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That Time I Did a Friend a Favor

I once took a job for a friend as a dialogue editor on a pretty major production. It promised to be a fun gig and a foothold into professional audio with a big project. What I didn’t anticipate was getting screwed over by a friend.

When is a labor of love more labor than love?

The Project

6 books of material

13.5 Hours of final material

Over 100 hours of editing spanning multiple months, compiled from field recordings and various studio sessions.

Over 5000 files including director’s notes about how you’re getting paid too much.

The Pay (Friends Don’t Let Friends Eat Ramen)

$1500? For two weeks worth of work?


As the project continued, I found myself replacing previously finalized edited material with stand-in recorded material. Gradually, the hours and time were stacking up and I was not being offered more pay for the work I was doing. I reached out to my friend and was told “It is what it is.”

In review of the production, I received the following remarks:

“I consider your work to have been invaluable, but I also felt it had some friction which bummed me out,”

This and a reminder that he was helping me out on what was a “labor of love.”

A labor of love. From Audible. With an all-star cast. And a copy of the budget that showed his labor was worth nearly $15,000 of love. Plus residuals.

Not Learning Your Lesson

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Photo by Andrej LiĊĦakov on Unsplash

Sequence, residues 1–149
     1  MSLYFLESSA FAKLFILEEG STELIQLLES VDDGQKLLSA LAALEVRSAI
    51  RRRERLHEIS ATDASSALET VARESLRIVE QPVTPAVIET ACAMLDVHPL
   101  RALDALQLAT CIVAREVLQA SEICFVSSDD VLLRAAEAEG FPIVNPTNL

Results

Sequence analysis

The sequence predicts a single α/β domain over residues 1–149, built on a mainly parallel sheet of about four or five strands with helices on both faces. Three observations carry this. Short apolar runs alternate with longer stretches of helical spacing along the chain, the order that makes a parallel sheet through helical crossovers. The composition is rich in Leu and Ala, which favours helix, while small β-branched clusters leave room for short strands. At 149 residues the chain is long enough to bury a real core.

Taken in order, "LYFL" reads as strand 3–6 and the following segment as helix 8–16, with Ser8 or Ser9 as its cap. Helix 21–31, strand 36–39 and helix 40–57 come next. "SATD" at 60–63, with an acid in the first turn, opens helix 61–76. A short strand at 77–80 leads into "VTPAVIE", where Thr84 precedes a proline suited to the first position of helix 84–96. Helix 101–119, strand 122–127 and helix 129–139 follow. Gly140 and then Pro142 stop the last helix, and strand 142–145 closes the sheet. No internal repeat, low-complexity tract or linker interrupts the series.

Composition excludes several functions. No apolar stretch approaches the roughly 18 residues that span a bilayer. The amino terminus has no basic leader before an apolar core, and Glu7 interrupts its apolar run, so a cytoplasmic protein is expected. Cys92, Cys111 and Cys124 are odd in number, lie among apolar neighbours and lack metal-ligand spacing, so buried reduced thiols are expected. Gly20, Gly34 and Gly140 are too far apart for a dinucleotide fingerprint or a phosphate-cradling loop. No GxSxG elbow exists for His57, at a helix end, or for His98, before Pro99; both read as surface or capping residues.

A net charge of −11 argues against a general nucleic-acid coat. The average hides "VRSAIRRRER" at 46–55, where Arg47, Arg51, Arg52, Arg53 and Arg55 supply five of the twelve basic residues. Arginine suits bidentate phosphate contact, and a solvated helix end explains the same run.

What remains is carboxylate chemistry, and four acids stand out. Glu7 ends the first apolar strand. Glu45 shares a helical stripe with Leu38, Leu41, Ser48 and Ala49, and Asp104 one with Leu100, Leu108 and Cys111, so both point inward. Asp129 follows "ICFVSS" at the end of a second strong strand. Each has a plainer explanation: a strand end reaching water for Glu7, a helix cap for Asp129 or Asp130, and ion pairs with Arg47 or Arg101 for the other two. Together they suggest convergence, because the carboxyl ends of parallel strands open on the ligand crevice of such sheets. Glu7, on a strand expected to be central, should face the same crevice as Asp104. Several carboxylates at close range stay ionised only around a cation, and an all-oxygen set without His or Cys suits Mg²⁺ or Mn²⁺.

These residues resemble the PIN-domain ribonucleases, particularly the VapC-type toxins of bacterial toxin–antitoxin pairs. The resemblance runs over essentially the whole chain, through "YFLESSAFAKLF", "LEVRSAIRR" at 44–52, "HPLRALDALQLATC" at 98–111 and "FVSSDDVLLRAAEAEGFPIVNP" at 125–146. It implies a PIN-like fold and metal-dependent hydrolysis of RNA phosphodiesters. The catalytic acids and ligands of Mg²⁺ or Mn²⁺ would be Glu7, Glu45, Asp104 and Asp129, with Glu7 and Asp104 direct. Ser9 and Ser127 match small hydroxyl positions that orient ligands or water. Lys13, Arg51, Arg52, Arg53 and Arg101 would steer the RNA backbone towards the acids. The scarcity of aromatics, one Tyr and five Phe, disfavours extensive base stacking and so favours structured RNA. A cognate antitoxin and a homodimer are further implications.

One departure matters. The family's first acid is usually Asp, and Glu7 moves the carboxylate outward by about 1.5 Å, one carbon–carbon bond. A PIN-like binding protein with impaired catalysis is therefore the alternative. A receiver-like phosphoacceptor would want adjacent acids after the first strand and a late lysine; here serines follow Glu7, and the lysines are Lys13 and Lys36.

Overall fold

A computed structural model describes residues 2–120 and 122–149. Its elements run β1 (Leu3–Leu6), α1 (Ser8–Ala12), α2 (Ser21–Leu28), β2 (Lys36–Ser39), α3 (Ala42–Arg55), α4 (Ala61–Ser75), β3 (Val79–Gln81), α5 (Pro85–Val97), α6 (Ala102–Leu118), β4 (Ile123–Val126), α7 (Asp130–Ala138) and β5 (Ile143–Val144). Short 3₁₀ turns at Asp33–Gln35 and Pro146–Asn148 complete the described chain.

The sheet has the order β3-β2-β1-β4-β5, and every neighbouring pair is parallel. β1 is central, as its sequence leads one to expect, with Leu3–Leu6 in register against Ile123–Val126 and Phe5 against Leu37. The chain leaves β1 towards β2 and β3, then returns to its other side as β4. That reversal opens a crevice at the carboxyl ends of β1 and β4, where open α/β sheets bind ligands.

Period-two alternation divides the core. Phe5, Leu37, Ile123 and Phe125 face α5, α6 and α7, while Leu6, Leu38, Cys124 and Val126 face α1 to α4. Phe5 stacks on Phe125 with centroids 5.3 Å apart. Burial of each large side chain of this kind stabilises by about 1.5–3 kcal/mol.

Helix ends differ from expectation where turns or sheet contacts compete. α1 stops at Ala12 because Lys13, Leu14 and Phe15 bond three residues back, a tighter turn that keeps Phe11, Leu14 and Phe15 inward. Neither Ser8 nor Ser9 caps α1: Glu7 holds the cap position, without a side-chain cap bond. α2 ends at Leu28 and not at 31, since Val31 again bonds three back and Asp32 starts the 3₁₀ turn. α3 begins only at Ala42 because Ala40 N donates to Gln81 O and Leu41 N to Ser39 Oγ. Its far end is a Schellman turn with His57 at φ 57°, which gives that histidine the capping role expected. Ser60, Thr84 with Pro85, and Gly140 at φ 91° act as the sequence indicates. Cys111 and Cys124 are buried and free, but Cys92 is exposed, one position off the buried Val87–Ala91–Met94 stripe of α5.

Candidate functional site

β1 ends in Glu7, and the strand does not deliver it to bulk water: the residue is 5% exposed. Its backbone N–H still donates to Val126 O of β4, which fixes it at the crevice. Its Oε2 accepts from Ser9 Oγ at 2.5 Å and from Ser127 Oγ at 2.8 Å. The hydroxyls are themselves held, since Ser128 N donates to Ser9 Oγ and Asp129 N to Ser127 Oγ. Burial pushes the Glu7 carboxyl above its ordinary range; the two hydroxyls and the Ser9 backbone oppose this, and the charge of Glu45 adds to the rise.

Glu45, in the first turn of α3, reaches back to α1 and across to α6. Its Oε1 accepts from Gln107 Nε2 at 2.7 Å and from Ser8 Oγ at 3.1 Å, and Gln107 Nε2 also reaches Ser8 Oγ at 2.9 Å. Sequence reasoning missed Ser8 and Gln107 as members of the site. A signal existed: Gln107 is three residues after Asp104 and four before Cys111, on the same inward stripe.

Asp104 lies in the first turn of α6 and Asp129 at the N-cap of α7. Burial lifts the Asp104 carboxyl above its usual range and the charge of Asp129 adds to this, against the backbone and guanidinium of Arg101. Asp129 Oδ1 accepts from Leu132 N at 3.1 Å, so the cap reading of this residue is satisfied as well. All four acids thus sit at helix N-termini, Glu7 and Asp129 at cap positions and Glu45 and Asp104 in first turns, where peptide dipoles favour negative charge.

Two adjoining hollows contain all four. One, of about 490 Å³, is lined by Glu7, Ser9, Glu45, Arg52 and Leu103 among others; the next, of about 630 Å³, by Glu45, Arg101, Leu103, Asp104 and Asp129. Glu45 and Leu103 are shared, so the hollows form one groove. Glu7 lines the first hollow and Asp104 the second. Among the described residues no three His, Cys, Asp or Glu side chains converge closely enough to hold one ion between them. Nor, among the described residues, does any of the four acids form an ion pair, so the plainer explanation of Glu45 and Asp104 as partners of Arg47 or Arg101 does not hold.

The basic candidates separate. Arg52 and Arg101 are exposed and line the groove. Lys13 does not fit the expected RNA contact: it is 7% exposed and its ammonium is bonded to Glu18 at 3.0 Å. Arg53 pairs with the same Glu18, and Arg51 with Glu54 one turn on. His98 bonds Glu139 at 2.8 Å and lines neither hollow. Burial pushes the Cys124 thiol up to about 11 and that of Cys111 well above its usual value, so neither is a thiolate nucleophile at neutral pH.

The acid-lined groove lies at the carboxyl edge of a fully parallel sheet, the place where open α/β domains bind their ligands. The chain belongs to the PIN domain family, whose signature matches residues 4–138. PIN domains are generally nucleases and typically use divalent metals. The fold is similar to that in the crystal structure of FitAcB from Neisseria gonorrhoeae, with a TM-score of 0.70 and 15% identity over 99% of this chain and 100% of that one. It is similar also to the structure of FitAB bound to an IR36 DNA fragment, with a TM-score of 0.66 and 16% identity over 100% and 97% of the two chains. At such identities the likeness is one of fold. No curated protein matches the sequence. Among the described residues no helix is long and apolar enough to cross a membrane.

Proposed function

So, you can imagine that as our professional relationship developed, we learned from our mistakes. I learned how to negotiate the value of my time on a professional production, and my friend learned a valuable lesson about fair pay. Right?

“There are 17 approx 30 min episodes, for a total running time of ~8.5hours). Pay is $1,500, non-negotiable.”


And of course, I took it. Some food on the table is better than no food at all. And again, the thought that a credit on a big production would be a window of opportunity.

Learning From Your Friend

I don’t want to come off like these projects were all bad. You can learn a lot from the host of actors and talent involved and from mistakes made along the way. I learned to not interrupt Kate Mulgrew in the middle of a take, to not belittle your actors, and to not talk smack about folks that edit your material in post-production. And of course, I got to edit some of my biggest heroes in acting. But unfortunately, I also got to learn about friendship, favors, and the grey area surrounding “passion projects” and pay.

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